alpha-synuclein is a protein encoded by the SNCA gene.
Although we are still not certain of what it does, we do know it makes up Lewy Bodies, clusters of proteins that are a pathological hallmark of Parkinson’s disease and other dementias (lewy body dementias). It is thought that in Parkinson’s disease, the variability in alpha-synuclein gene produces either too much alpha-synuclein protein or causes it to malfunction — which may be toxic to brain cells and to result in neuron dysfunction.
Some of the ways in which research is targeting alpha-synuclein is by:
- a vaccine that binds to alpha-synuclein and clears it from the brain
- compounds to stop alpha-synuclein from clumping (avoiding lewy body formation)
- compound to break up alpha-synuclein clumps (breaking up formation of lewy bodies)
Recent research developments include a chemical compound that slows down the onset and progression of Parkinson’s disease in mice. Griese and Griesinger in Gottingen have developed a substance which, in mouse models of the disease, reduces the rate of growth of the alpha-synuclein deposits and delays nerve cell degeneration. As a consequence, mice treated with this agent remain disease-free for longer than non-medicated controls. The current gold-standard, Levodopa, controls Parkinson’s symptoms by enhancing the function of the surviving nerve cells in the substantia nigra. This compound shows promise in slowing down the progression, according to their lab results; the earlier the onset of treatment, the longer the animals remained disease free.
(Max-Planck-Gesellschaft (2013, April 22). Putting the brakes on Parkinson’s.ScienceDaily. Retrieved May 12, 2013, from http://www.sciencedaily.com/releases/2013/04/130422111147.htm#.UXa4E78jkGQ)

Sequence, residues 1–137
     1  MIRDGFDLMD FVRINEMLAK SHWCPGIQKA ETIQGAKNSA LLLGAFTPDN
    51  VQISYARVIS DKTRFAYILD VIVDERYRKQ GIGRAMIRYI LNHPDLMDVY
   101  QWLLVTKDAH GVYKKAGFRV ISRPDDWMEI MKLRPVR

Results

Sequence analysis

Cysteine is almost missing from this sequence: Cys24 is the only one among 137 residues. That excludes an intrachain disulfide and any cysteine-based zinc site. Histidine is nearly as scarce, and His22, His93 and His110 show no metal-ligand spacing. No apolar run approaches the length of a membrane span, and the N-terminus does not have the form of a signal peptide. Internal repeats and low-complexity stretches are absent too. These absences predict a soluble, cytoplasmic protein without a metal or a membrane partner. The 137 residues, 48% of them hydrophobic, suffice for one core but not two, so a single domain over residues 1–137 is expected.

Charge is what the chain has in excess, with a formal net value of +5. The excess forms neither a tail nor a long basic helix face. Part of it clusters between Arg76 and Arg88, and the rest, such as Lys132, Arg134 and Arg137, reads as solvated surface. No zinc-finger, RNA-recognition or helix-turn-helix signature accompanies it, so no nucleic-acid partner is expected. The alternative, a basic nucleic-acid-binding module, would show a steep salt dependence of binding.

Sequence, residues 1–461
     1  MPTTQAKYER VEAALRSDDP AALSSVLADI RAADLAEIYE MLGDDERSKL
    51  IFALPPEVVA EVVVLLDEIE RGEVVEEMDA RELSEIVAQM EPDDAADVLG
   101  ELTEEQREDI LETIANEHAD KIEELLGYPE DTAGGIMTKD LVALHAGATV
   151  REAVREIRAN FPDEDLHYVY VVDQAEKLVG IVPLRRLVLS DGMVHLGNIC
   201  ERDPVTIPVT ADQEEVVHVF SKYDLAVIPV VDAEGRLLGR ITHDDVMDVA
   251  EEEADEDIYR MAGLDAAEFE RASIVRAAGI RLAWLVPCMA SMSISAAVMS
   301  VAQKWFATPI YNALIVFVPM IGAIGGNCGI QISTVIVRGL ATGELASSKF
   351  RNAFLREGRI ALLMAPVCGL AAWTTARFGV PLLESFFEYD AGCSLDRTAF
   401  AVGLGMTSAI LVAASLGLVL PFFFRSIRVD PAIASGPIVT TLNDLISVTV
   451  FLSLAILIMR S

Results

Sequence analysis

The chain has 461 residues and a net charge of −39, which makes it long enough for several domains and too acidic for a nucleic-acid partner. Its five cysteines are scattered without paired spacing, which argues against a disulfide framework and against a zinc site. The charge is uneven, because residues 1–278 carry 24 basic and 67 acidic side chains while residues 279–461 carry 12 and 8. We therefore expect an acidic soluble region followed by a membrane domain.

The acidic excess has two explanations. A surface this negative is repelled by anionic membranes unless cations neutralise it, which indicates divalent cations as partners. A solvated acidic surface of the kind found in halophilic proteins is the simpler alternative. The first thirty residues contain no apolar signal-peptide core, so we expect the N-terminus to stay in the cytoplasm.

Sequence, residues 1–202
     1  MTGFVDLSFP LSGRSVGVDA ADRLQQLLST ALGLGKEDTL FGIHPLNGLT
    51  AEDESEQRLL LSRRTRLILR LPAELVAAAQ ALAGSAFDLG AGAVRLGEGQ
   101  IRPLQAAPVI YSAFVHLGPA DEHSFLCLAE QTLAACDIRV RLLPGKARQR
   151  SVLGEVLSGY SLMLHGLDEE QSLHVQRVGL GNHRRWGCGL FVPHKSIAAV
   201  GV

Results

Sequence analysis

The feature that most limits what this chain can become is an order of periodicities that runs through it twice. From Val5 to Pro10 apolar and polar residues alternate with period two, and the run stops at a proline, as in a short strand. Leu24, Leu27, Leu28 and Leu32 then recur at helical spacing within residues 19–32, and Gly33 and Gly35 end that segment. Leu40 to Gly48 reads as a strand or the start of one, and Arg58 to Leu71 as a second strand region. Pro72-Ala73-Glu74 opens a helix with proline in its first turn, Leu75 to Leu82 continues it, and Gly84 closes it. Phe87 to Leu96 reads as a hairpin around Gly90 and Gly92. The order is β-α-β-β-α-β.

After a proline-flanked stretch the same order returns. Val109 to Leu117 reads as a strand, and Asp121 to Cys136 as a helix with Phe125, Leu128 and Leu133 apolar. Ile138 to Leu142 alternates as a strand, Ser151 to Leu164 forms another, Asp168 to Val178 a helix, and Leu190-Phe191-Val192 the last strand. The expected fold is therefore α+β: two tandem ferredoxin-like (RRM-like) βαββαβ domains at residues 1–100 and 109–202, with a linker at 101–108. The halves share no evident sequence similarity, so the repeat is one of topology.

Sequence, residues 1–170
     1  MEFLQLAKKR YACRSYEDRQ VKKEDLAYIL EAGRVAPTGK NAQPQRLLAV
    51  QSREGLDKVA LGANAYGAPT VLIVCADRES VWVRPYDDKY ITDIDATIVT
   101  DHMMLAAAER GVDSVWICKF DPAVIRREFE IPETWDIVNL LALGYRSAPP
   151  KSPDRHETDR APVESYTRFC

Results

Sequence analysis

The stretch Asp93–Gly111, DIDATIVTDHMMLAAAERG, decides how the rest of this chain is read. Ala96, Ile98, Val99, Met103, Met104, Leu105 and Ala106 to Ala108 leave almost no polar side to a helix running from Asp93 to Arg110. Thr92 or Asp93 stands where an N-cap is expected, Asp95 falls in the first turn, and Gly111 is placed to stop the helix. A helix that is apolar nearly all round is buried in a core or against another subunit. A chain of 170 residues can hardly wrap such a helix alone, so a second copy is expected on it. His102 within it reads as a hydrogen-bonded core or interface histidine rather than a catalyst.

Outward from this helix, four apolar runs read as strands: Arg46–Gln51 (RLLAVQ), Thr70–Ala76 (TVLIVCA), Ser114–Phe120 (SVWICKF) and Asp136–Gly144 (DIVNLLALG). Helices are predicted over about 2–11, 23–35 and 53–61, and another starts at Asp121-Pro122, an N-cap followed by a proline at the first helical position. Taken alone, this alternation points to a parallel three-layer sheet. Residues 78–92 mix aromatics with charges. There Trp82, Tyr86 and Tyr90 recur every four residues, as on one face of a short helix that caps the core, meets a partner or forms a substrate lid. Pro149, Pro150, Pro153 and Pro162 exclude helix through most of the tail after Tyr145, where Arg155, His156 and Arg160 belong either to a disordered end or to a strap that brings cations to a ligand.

Another research effort looking to halt Parkinson’s disease progression involves GM1 glanglioside. GM1 impacts neuron plasticity, repair mechanisms, and neurotrophin release.
A study published in November 2012 showed that GM1 ganglioside improved symptoms and slowed disease progression during a two and a half-year trial in persons with Parkinson’s. Dr. Jefferson, published in the Journal of the Neurological Sciences, followed 77 subjects over a 120-week period and 17 control subjects as comparison. GM1 group had significant improvement in UPDRS motor scores and maintained much of the initial benefit of GM1 treatment, (i.e. showed relatively minor symptom progression compared to patients using standard anti-Parkinson medications).
(Jay S. Schneider, Stephen M. Gollomp, Stephanie Sendek, Amy Colcher, Franca Cambi, Wei Du. A randomized, controlled, delayed start trial of GM1 ganglioside in treated Parkinson’s disease patients. Journal of the Neurological Sciences, 2012; DOI:10.1016/j.jns.2012.10.024)
… some very interesting drug developments on the horizon. it’s a long process from developing compounds, animal testing, clinical testing etc. … but nice to know there are possibilities on the horizon! much love